If you’ve never had to think about how to design a bathroom before, it can seem like quite a daunting task. What do you need to consider? How difficult is it to move plumbing? How much space do you need for a shower? And of course, how much is it all going to cost? There is lots to think about! So let’s get into it:
What To Consider When You Design A Bathroom
Before you get into the fun stuff, like what colour tiles to have or what kind of sink, you really need to think about what you want from your bathroom; do you need more storage in there? Would a bath instead of a shower work better for you? Or is the whole thing just hideous and needs starting again?(!) Put together a wish list of the things that you want and need to include in your design so that you can start to think about how to design a bathroom layout.
At this point you also need to decide what ‘level’ of transformation you are going for; is it a cosmetic job? – Maybe painting the walls, a new blind and adding a bathroom cabinet for extra storage? or is it a ‘mid level’ job – perhaps changing some elements of the bathroom – a new sink unit, or new flooring perhaps? Or is it a full-on reno? Deciding on a budget is key.
Cost of a New Bathroom
Like anything else, the cost of a new bathroom can vary wildly, depending on a number of factors. Assuming we’re talking about a full reno, the main cost items are likely to be:
- Demo/removal of all existing bathroom fixtures and fittings and tiles (a great way to save money if your budget is tight is to do this part yourself).
- Re-plastering, electrics & re-plumbing
- Painting / decorating
- New bathroom fixtures and fittings (including taps)
- New wall tiles / shower boards
- Bathroom heating and ventilation – this could be underfloor, a heated towel rail or simply a radiator, also an extractor fan
- Decorative accessories / finishing touches
- Labour (this is likely to be the biggest cost!)
Ways to Keep Costs Down
If you’re trying to keep the costs of your new bathroom down, considering doing some of the work yourself is a great way to do this and certainly some jobs are potentially DIY-able. However, doing the work yourself can add considerably to the amount of time it takes – which may be key if it’s your only bathroom!
When thinking about how to design a bathroom layout, if you can minimise the relocation of major pipes, that also greatly reduces the time and costs for plumbing work.
If your bathroom renovation budget is tight, could you re-use some of the old bathroom fixtures? For example there seems little point in replacing a plain white toilet and sink with something very similar?
Tiles can be very pricey, so think carefully about how much of the bathroom you need to have tiled. Alternatively could you use the expensive tiles to make a feature wall, and have cheaper tiles elsewhere?
Finally, bear in mind there may also be additional costs that aren’t immediately obvious, for example if you want to upgrade your shower to a pumped shower, you might need to beef up the size of the hot water tank to do this – potentially a considerable extra cost.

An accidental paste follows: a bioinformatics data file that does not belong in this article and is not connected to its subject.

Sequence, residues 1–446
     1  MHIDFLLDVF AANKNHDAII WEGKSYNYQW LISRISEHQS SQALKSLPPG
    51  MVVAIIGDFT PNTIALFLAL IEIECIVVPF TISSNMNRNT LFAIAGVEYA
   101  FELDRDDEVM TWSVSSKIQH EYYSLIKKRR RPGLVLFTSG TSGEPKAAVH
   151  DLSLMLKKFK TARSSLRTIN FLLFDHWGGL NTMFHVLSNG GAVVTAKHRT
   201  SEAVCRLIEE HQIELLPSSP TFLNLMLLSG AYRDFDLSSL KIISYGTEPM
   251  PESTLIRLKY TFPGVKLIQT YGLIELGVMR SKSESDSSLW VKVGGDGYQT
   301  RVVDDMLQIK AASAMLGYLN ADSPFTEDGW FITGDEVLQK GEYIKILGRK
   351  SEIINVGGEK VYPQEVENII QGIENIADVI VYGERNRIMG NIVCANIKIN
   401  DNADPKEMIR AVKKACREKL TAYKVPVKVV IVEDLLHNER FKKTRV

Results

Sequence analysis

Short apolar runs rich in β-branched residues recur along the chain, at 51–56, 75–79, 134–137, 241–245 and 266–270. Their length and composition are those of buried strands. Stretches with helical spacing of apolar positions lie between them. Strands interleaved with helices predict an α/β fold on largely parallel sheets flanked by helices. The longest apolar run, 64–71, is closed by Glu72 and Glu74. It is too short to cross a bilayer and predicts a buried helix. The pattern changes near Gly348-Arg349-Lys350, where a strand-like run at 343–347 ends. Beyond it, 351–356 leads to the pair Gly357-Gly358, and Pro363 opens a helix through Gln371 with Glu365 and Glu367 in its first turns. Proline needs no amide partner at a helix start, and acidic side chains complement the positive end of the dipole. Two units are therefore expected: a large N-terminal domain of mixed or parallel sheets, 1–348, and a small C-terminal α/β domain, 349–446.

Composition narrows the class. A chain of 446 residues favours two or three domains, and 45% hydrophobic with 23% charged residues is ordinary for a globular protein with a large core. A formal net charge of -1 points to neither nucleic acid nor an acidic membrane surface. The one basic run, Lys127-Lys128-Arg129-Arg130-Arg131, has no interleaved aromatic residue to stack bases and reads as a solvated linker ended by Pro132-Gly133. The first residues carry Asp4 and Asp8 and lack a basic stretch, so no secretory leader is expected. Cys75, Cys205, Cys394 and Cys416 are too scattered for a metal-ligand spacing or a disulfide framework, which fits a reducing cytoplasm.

Design A Bathroom: Measuring Up
Here in the UK, many of us have very small bathrooms where the opportunities for changing the layout are pretty limited. However that doesn’t mean you shouldn’t consider it! Sometimes just a simple change can make a huge difference. Also consider things like which way a door opens as this can also significantly change the amount of space you have to play with.
So first things first; measure your bathroom to see how much space you have. Bear in mind that you may have a bit more space than you might first think: there are often built out walls in bathrooms to hide pipework – which you don’t necessarily have to keep. You could choose instead to hide pipework inside vanity units and by boxing-in pipes at the bottom of the wall instead if you prefer. Also don’t forget to measure the size of windows, doors etc.
Online Design Tools
Once you have your measurements, there are a number of websites and apps that you can use to play around with different bathroom layouts and designs. My personal favourite is Roomsketcher.com which is free and simple to use and has a really good selection of different sized and shaped bathroom fixtures. It can also take ‘snapshots’ of what you have designed so you can get a really good feel for whether what you have put in will work in the space.
If you are designing a small bathroom, check out my tips and tricks to get the most out of the space. Although it might be tempting to get rid of the bath in a really small space, if this is the only bathroom I would think very carefully about this as it may make your house more difficult to sell in the future.
If you have a larger space to play with (lucky you!) – don’t forget to think about things like lighting – you don’t want to be showering in the dark!
Finally, The Fun Stuff!
Now you have a good idea of what you want, it’s time to think about what styles of fittings and colours of tiles etc. you would like. Because of the expense and hassle, fitting a new bathroom isn’t something most people want to do very often – so choose wisely!
In a small bathroom, very patterned tiles can be a bit overwhelming, especially on the wall and may make the space feel smaller. Very small mosaic style tiles can be difficult to keep clean. In recent years, shower panels such as these have been growing in popularity. These look super quick and easy to fit and also very easy to keep clean. They can also give a range of different effects that you can’t get from tiles – so these may be worth considering as an alternative.
While thinking about how to design a bathroom for the first time might seem daunting, when you break it down into smaller steps hopefully it seems much more manageable – happy designing!